In a new field such as Biochemical Engineering, considerable confusion often arises over the definition of a number of terms. Biotechnology is usually taken to mean the use of sophisticated genetic techniques outside the cell to result in the production of useful products. However, many people broaden the term to include applied biology, or even engineering. Strictly speaking, biochemical engineering is usually defined as the extension of chemical engineering principles to systems using a biological catalyst to bring about desired chemical transformations. It is often subdivided into reactor design and downstream separation.
Despite the appearance that it is a new discipline, biochemical engineering as such dates back to the turn of the century, when certain rudimentary principles were used in the biological treatment of wastewater and in the production of acetone and butanol for explosives. Furthermore, fermentation ethanol was one of the basic raw materials for the chemical industry until the Second World War. The modern genesis of the discipline dates back to the early 1940s when penicillin was required in vast quantities.
The recent development of biochemical engineering is the direct result of advances in molecular biology (e.g., recombinant DNA, tissue culture, protoplast fusion, monoclonal antibodies) and protein engineering. Biochemical engineers work in a wide cross-section of industry including; pharmaceuticals, food, fine chemicals, wastewater treatment, mining and energy. Hence, biochemical products vary from high volume, low coast to very low volume and extremely high cost (e.g., Factor 8, the blood clotting protein costs around $108/kg!). Figure 1 details this wide variation in cost.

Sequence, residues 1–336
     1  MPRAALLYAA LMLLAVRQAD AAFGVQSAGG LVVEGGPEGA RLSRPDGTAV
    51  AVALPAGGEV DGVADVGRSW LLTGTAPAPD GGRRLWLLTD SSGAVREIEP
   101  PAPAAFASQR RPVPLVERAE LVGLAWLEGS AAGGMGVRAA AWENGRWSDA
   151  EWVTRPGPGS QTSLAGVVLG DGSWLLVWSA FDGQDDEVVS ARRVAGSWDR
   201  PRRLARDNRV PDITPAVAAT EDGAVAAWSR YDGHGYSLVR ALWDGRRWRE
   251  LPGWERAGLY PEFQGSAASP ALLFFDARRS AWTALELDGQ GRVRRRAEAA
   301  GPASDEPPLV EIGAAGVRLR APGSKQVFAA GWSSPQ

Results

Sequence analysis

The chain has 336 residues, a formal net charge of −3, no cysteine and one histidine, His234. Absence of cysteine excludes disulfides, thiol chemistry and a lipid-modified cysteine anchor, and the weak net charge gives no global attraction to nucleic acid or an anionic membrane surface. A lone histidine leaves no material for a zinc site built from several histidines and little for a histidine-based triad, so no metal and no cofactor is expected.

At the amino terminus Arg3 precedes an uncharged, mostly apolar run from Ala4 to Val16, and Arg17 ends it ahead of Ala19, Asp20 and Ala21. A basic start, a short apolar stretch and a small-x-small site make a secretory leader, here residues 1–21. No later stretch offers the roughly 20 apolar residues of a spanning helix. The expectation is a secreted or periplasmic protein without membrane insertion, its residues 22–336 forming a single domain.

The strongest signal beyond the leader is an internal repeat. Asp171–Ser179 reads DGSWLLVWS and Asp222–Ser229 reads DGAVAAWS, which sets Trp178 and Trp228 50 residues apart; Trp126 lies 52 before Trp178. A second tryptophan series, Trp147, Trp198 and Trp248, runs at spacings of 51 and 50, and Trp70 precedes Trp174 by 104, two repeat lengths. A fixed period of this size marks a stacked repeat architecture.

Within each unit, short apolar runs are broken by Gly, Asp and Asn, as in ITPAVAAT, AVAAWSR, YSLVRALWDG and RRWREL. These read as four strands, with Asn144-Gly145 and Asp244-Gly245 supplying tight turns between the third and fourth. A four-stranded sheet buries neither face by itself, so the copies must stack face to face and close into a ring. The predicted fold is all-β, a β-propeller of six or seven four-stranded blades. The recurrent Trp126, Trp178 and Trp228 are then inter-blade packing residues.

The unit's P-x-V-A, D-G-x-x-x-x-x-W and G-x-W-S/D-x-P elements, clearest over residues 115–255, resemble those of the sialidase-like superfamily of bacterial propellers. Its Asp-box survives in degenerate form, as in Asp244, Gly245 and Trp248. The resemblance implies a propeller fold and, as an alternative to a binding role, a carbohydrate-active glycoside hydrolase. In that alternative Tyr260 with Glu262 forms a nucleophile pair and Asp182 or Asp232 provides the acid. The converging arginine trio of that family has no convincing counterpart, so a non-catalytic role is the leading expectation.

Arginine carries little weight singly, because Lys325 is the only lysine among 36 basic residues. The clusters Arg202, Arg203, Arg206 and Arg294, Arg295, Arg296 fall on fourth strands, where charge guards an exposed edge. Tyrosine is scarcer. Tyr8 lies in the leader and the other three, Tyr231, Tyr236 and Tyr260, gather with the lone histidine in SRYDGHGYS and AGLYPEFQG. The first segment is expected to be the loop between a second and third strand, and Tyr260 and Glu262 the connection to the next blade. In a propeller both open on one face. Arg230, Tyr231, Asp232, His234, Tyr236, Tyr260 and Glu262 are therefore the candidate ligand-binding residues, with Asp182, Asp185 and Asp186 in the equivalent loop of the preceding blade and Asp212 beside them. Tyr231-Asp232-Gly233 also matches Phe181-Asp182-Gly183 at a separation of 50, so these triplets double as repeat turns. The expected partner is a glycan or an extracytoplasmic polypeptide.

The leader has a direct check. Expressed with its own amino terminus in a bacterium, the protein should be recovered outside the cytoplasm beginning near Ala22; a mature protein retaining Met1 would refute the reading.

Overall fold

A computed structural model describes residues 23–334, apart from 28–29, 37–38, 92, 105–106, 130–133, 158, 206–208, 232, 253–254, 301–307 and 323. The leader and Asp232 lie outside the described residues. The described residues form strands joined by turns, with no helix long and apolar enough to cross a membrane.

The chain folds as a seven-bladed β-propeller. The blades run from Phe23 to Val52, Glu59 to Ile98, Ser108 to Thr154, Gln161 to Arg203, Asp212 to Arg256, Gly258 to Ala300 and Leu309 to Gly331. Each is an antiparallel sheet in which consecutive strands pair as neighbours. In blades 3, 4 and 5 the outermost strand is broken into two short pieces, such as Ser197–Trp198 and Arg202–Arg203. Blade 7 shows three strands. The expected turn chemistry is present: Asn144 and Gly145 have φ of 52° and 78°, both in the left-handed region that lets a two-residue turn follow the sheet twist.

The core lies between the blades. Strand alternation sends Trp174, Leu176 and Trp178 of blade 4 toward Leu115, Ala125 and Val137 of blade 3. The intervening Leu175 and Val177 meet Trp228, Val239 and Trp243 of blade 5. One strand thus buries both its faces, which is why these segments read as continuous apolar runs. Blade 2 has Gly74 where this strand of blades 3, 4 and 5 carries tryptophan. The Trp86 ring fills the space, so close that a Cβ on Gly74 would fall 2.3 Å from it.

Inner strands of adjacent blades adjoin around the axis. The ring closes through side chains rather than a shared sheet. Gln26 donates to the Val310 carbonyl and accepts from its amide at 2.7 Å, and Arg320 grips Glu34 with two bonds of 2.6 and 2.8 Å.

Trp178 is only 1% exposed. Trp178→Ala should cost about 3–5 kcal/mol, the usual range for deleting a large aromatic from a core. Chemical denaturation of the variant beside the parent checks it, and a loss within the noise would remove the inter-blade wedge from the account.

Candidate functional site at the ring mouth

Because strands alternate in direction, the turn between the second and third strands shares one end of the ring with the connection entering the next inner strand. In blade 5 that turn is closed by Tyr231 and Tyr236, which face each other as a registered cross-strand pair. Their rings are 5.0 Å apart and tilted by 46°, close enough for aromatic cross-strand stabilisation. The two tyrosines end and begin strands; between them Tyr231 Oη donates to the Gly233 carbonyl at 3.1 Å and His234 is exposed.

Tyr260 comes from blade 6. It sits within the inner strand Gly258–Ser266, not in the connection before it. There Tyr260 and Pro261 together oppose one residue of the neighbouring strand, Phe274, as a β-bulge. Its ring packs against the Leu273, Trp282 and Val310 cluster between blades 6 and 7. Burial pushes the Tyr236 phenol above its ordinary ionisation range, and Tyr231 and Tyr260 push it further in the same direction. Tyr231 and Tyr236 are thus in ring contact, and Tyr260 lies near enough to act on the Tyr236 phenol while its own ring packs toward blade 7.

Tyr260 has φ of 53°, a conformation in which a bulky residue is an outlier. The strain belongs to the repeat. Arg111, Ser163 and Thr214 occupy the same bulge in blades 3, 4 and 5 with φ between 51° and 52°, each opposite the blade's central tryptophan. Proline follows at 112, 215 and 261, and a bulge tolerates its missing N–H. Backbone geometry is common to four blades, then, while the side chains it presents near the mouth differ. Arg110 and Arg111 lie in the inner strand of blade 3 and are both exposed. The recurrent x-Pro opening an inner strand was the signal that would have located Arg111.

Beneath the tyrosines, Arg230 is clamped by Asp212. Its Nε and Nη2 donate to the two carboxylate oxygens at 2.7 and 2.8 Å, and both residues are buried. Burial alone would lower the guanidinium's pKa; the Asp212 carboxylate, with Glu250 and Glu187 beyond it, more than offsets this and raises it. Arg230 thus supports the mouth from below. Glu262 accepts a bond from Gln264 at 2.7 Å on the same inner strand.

Figure 1. Concentration in the broth versus final selling price. (Reprinted by permission from J. L. Dwyer, “Scaling Up Bioproduct Separation with High Performance Liquid Chromatography,” Bio/Technology, vol. 2, p. 957, 1984.)
Biochemical engineering involves the use of a catalyst, either an enzyme or whole cell, which is either freely suspended in an aqueous medium or “immobilized” in a gel or attached to a solid surface. In contrast to an enzyme, whose activity decreases over time, cells are autocatalytic (dx/dt = μx, where x = cell concentration and μ = growth rate, t–1) and can grow exponentially with excess nutrients. Reactor conditions are typically: a pH of 6–8; a temperature of 15–16°C; atmospheric pressure; and a cell concentration of 2–40 g/l. Reactors can be operated in either batch mode (most common in the pharmaceutical industry), typically over 24–48 hours, or continuously (e.g., wastewater treatment). Reactors commonly used vary from CSTRs (continually-stirred tank reactors), through plug flow (whose efficiency is similar to CSTRs due to back mixing), to specialized reactors which immobilize the cells or enzymes to prevent them from being washed out of the reactor due to their small size and density (SG = 1.04). These types of reactors essentially “de-link” the hydraulic retention time from the cell retention time, thereby enabling process intensification to occur.